Windows Information Protection done right, part 2: typical set up steps
Last time we talked about a couple of key concepts including enlightened and non-enlightened apps, and how Windows Information Protection (WIP) treats corporate data differently than personal. In short, a non-enlightened app and all of its data will be treated by WIP as personal (by default). However, if you choose to add a non-enlightened app to the protected apps list, then WIP will consider this app data as corporate.
Enlightened apps, by contrast, can handle both personal and corporate data at the same time, and distinguish between the two. Since a non-enlightened app cannot tell the difference between these worlds, it is best to be very careful in adding non-enlightened apps to protection. You should only add Line of Business apps, which deal with 100% corporate data, per Microsoft’s recommendation.
One thing I did not yet mention, but that we really should cover, is that these policies are configurable via the Microsoft 365 admin center from Devices > Policies. But DO NOT use this console to setup WIP. Ever. Never ever. Result will be a terrible user experience. Work only in the Intune / Device management portal. You have been warned.
With that point fresh in our minds, let’s setup a basic WIP policy.
Windows 10 App protection policy (with enrollment)
Remember from last time that we are really only interested in MDM-based deployments of Windows Information Protection. This is for two reasons:
- MAM-based deployments only support enlightened apps
- In my opinion, an unmanaged Windows device should not be accessing corporate data (in most business environments). Even non-domain, BYOD devices should be required to enroll and maintain compliance with organization policies, so that the company has adequate leverage and monitoring in place on the endpoint.
If you want more information on the differences between these deployment models, check out this article.
WIP is found under Client apps > App protection policies. Click Create policy.
Be sure to choose Windows 10 as the Platform and With enrollment. (You do not need to configure Without enrollment as long as you enforce device compliance using Conditional access; allowing open access for modern client applications not recommended except in the most open and low-security environments).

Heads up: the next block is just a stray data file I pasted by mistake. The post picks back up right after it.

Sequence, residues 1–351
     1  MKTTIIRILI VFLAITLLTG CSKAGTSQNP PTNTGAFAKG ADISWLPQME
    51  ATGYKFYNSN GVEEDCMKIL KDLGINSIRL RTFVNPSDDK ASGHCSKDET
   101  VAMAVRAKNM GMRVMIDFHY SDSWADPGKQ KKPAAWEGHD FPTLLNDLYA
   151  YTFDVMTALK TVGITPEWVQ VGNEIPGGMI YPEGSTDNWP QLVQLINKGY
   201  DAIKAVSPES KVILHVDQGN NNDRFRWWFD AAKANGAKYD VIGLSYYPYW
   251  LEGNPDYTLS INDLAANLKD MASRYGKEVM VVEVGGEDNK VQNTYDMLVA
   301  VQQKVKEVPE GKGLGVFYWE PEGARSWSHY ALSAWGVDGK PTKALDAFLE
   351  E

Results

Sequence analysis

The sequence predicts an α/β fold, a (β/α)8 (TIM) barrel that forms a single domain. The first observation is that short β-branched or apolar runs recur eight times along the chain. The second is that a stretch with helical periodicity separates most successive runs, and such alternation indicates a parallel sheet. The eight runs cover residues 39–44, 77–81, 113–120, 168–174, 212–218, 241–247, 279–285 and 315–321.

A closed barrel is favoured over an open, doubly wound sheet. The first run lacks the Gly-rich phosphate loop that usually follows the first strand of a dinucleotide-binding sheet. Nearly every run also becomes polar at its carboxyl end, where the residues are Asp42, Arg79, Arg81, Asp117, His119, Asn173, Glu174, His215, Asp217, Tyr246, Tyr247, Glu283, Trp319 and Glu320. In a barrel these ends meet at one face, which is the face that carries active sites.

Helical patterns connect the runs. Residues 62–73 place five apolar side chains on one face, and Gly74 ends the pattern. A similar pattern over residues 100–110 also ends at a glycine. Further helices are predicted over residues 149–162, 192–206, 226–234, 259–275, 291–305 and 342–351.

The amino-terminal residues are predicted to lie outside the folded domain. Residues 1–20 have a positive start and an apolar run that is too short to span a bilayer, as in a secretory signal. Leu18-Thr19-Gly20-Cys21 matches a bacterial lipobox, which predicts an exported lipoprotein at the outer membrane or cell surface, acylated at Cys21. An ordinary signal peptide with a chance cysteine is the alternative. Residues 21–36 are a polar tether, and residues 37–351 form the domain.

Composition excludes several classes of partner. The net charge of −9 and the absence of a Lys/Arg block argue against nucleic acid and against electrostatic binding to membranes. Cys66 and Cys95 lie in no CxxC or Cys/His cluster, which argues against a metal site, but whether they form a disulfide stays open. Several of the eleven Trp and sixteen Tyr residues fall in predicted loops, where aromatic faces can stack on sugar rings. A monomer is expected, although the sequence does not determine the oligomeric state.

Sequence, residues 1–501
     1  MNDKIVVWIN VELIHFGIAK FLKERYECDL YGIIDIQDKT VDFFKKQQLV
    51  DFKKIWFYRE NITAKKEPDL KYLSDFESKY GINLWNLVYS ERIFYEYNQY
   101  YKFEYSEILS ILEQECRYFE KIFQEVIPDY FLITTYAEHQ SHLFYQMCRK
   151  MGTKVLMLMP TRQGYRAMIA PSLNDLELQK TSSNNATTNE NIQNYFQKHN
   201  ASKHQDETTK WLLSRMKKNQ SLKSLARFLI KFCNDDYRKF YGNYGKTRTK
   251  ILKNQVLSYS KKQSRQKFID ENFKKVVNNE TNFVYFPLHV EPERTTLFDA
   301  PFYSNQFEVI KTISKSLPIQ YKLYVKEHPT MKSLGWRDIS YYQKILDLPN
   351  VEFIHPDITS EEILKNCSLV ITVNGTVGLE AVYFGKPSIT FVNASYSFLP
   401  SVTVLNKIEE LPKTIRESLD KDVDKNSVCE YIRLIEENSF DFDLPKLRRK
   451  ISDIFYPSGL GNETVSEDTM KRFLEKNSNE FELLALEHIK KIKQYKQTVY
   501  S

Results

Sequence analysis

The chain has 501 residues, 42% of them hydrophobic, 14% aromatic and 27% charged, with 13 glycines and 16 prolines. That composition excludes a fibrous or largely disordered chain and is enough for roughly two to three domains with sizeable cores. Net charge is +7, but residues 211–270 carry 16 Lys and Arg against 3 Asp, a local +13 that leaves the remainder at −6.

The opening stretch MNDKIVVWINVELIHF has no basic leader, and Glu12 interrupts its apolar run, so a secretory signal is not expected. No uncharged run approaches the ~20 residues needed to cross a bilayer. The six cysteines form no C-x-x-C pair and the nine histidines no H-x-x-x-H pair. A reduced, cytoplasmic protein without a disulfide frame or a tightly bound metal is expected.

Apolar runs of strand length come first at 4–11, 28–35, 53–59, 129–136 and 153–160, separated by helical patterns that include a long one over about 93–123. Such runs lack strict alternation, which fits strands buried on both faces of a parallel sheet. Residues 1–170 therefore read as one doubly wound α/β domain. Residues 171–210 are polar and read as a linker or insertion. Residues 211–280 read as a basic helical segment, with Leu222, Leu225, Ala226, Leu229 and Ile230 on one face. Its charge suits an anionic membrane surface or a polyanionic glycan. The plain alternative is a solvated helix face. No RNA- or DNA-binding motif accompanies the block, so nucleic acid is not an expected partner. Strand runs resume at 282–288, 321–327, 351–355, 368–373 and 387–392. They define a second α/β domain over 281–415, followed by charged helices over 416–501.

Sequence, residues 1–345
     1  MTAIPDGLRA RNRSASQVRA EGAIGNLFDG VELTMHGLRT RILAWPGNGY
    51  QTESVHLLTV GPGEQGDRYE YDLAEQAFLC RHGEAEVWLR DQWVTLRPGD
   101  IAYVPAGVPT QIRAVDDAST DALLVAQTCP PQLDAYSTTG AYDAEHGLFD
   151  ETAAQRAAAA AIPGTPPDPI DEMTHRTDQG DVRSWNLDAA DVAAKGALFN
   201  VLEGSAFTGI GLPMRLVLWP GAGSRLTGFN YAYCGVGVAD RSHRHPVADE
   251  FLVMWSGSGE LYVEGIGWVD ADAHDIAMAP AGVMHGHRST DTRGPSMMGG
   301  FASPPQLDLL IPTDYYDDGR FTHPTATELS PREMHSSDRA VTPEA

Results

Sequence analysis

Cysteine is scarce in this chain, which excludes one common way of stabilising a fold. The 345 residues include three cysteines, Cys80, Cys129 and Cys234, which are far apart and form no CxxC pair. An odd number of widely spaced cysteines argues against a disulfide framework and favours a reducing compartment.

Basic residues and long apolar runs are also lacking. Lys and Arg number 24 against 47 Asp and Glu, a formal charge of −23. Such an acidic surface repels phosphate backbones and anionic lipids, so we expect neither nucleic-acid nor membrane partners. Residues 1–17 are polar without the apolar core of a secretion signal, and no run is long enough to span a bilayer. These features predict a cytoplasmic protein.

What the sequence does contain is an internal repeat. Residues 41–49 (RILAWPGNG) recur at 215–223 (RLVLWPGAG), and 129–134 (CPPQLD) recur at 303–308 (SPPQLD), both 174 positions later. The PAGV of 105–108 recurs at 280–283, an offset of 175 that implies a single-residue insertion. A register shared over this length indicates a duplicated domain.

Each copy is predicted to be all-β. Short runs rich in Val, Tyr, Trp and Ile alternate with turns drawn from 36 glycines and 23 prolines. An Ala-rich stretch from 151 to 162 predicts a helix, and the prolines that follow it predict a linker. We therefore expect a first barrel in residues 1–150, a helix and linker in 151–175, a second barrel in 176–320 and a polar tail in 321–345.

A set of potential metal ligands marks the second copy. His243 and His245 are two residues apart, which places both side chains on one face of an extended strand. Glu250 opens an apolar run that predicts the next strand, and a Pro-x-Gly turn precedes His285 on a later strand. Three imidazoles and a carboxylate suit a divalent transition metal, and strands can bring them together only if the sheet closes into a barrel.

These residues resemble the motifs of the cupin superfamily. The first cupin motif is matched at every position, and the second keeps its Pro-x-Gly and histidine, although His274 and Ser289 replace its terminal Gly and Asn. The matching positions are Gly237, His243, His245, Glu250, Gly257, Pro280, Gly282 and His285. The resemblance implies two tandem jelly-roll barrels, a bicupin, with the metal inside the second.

Under Protected apps, pick Add apps.
Several Recommended apps will be available for you to add, which is easily done by ticking the check boxes next to each line item.
However, if you have other apps that you want to add, or if you want to be really mindful about which apps and executables are included with protection, this can be accomplished using the Store or Desktop apps category (most likely, Desktop apps).
The most important value to input correctly is the executable name (just the filename, no file path required). Example:
- Name: Microsoft Word
- Publisher: O=Microsoft Corporation, L=Redmond, S=Washington, C=US
- Product name: *
- File: winword.exe
- Min version: *
- Max version: *
- Action: Allow
Note, you may want to be careful about using * too liberally in these fields. For instance if you do not know how to define the Publisher field, you could use a *, but that means any publisher could sign an executable with that file name, and the policy would still protect the data in that app (treat it as corporate). To find the publisher for any given app from PowerShell:
Get-AppLockerFileInformation -Path <path to exe> | fl
The Publisher field is what you’re after (just the portion up to the C=<country> is required).
As you think about the apps in your environment, just try to be thorough as you build this list. You may not want certain app data getting encrypted, for example, and in some cases you might have apps that touch both personal and corporate data, and are not enlightened–well you have a decision to make there. Protect it and potentially end up with personal data that is mis-classified as belonging to work? Or do not protect it, and block users from accessing corporate data and network locations in that application?
There is one more option, too: if you have apps that you want to exempt from WIP (which means they will be able to access corporate data and bypass the restrictions imposed by WIP), then you can do that under Exempt apps. Obviously this means there could be leakage with that app, but you have to choose your own balance of usability and security. (Note: System processes are also exempt by default).
Next go to Required settings. If this is your first time implementing WIP, I would recommend either using the Silent or Allow Overrides option.
With the Silent option, events where data is relocated from corporate to personal locations is just logged. However, app data is still encrypted, and you can also see and validate on any workstation under this policy which apps are being treated in which contexts. Simply open Task Manager, go to the Details tab, and add the column called Enterprise context.